Jack Sharpe: reporter, divorced, 6’2”, played football in high school and at Youngstown State, dad was a state senator, sister is dead, dad is dead
Lee Kelly: U.S. Representative, married, brown hair, 50’s
Tom Stanton: U.S. Representative, married with three children
Scott Sharpe: Jack’s son, attended the University of Chicago & Stanford Business School, married
Elizabeth Johnson: U.S. President, red hair, former TV news anchor
Oleg Kazarov: 6’1”, slight frame, pale, oily black hair, round head, smokes, dark eyes
A large cast but personalities come through I like Oleg and Sharpe as the distant enemies. Stanton is a good baddie.
Voices are fine. Conversations don’t wander afar.
The book is in Parts. Chapters are headed by time or location. A bit of profanity. 1st person from Sharpe’s POV and third person POV in some chapters.
One of the big things I found difficult was the time jumping. This story goes from X-days after the election to X-days before the election. After awhile, I stopped trying to keep the time line straight. Because of this I found it difficult, too, to keep plot points intact.
This book had almost no tension, emotion, or action. This cold have been a great thriller but Jack wandered around with a tail, an almost peaceful kidnapping, and very little ineffective violence. Yes, there were some murders, but they weren’t dramatic, just…there.
I’m not in the business of telling authors how they should plot their books, but this one could have used some attempts to kill Jack throughout, followed by the inevitable kidnapping near the end. Nothing. A lot of investigation and explanations, but that was about it.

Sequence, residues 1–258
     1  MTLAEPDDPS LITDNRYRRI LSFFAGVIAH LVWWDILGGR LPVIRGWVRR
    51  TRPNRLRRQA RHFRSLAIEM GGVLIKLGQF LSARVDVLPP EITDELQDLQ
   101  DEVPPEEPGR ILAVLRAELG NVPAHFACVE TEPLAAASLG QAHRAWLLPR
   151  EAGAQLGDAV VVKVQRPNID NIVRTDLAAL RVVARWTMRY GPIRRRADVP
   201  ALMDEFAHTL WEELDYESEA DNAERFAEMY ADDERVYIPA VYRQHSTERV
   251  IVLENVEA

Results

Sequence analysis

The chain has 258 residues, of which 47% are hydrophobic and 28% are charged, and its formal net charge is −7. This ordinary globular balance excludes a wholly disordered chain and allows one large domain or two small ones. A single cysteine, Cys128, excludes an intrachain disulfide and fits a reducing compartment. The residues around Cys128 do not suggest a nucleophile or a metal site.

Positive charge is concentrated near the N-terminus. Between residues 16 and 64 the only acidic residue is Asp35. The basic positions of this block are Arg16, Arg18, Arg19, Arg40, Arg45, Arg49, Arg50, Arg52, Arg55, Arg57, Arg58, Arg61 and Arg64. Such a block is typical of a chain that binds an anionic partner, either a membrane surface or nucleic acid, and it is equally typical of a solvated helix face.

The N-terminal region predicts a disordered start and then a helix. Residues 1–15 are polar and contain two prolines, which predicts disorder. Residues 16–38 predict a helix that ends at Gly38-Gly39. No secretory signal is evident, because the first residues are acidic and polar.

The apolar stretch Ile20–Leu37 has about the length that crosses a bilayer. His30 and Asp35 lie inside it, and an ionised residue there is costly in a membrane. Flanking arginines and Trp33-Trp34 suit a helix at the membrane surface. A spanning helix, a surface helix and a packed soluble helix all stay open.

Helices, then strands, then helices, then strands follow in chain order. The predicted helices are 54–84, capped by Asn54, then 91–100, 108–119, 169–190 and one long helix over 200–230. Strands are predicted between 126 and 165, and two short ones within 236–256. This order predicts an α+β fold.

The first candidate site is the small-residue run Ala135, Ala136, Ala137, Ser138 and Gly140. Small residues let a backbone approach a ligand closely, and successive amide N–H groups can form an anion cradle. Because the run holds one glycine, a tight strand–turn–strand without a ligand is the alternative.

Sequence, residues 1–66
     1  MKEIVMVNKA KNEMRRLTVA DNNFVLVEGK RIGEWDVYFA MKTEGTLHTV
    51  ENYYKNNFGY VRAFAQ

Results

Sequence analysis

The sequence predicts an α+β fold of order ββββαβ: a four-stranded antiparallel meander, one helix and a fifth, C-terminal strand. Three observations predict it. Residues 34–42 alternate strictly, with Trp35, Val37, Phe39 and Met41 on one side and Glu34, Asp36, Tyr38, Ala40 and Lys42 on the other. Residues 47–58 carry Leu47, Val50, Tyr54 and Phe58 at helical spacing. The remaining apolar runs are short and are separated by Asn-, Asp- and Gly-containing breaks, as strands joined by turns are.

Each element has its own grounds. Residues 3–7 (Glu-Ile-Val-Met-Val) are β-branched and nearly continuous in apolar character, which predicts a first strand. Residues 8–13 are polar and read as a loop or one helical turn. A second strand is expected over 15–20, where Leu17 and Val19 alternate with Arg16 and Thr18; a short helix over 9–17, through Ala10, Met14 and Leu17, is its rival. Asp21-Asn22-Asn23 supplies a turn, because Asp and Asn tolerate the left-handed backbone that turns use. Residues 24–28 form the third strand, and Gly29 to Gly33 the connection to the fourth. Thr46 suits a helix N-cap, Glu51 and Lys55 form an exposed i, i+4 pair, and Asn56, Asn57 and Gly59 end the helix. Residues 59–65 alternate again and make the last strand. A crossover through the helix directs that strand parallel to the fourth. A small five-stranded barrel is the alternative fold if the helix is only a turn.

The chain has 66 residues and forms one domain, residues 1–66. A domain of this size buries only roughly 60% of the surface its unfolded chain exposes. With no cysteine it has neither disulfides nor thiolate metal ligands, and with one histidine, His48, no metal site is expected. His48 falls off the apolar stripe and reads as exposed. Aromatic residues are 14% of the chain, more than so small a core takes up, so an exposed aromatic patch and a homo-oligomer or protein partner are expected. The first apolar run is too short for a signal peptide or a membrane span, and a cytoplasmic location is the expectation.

The ending was long and drawn out. There was no climax, so to speak, because there was no tension when the good guy and bad guy meet. It was a good plot and took some thinking to write it. It told some truths about politics.
It just didn’t excite me all that much.
By Bill Larkin
A massive earthquake devastate Leos Angles. Kevin Schmidt, a deputy with Orange County, is called upon to track down a missing Captain. Together, with hastily thrown together team they navigate the chaotic metropolitan streets. However, there are forces working behind the scenes to take advantage of the destruction…and to cause more.
A very interesting plot. A bit of action, a bit of thriller, a quest, a chase. It builds from a simple seek and find to international intrigue.
Kari Boyd: Black, drives a BMW 550, works in the Office of Emergency Services
CAP. Mara: LAPS detective, divorced with kids, Irish/Mexican heritage
Kevin ‘Schmidt’ Schmidt: Orange County Sheriff’s detective, father is a LAPS detective, has an older brother, attended US Long Beach
Roger Jenkins: Deputy Chief, black, 50s, small stature, wears glasses, graying hair, 5’8”, graduated Loyola
Karen Anderson: detective, athletic, 40s, short dark hair, freckles
Brett Gallon: tall, Lieutenant, 40s, attended UCLA, former minor league baseball player